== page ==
Tasmanian Times

Environment

Postcards from Tasmania

In an article called ‘Postcards from Tasmania’ he wrote:

That is what is extraordinary about Tasmania. It’s the quality and colour of the light. If you have grown up with it, you may not be aware of it. You may never have noticed. The newcomer cannot help but be aware of it. The light sets Tasmania apart. On a clear day, especially in the spring or the autumn, there is a distinct blueness to the light. It is as if one is viewing the landscape through a filtered pane of glass.

It sharpens the colours, gives an edge to the tones that is not found in the corresponding latitudes in the northern hemisphere, on the Mediterranean coast for instance. The light in northern Italy is quite different, diffused. The Tuscany landscape is filtered by a man-made haze, which renders beautiful pastels in a soft focus.

It is the lack of haze, the intensity and glare of the unfiltered sun which gives the Tasmanian landscape its striking sharpness, a seemingly infinite depth of field.

Perhaps his frequent trips to Italy have now made him more enamoured with the soft focus view and he is today intent on helping achieve that effect locally?

Allan Moult
Editor, www.leatherwoodonline.com

Author Credits: [show_post_categories parent="no" parentcategory="writers" show = "category" hyperlink="yes"]
3 Comments

3 Comments

  1. Andrew

    March 17, 2005 at 9:24 pm

    After I read the letter regarding wood smoke and its ability to make life a living hell. I am reminded again why I will not be coming back to Tassie to live in the near future.

    Since the age of two, I suffered from chronic asthma. We lived in Sandy Bay a posh suburb of Hobart where the locals loved nothing more than burning up log after log on the old open fire.

    As a teenager I went through every winter wondering if I was going to make it out of the hospital after each severe attack and watching a young fellow Asthma sufferer die before his 15th birthday.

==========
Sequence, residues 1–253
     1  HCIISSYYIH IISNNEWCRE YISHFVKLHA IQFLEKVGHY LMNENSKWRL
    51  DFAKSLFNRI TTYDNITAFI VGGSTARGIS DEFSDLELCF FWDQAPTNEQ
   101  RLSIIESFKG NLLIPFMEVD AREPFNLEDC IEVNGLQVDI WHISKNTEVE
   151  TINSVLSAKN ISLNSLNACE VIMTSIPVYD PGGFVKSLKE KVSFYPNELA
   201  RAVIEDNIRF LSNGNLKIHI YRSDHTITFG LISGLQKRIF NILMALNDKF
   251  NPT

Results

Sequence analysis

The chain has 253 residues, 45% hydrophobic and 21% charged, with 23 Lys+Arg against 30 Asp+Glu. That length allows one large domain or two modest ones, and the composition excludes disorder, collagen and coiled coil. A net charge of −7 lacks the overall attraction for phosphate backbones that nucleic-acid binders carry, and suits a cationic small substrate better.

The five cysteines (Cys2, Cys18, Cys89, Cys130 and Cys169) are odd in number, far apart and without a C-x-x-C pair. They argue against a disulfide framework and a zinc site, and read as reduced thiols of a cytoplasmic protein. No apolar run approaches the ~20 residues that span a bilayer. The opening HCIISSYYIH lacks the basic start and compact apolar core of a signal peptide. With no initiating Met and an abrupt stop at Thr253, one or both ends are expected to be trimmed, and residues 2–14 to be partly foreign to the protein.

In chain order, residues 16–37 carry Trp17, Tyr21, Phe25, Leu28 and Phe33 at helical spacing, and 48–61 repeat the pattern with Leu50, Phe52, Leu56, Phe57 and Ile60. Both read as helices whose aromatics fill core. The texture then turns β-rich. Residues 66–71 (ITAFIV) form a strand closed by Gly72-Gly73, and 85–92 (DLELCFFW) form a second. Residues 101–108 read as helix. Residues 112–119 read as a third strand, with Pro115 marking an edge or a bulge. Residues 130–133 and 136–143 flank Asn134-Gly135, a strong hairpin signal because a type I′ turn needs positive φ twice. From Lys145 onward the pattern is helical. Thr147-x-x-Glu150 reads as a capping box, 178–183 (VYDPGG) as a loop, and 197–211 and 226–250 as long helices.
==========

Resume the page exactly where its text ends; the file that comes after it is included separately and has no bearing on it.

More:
My problems with Asthma are now gone (touch wood) the reason for this is because I have moved away from the prestine crisp air of the wooded hills of the Derwents western shores and moved to one of the most populated and industrialised countries in Europe – Holland. The difference is. Here they don’t have many open fires. Or forests to rape with fire. Primarily because they have concreted over all of the forested areas.And turned them into land that is economically viable. Holland’s tourism industry is reliant on its spectacular-hundreds of year old history and culture. Not its natuaral wealth. They realise this.

    But I wonder if the politicians in Tas realise that after they have raked the remnance of Tassies forests and rare animals into the ground. People are not going to want to visit unless it’s to build a low cost call centre or pulp mill.

    But the message is. For years I put up with it (Asthma induced by wood smoke) and didn’t question the wisdom of our great traditions and freedoms. When in actual fact these are probably responsible for putting many of my fellow Tasmanians in an early grave. I was ignorant until I had the freedom to breathe different air and see the difference.

    I miss so many things about Tassie.

    The great fishing in its lakes. Oh except for the large numbers of European Carp now infesting them.

    The prehistoric old growth forests. Oh except for the ones that have been deemed a resource by the wonderfully broad minded politicians who are prepared to sell everything to the highest bidder local or Japanese.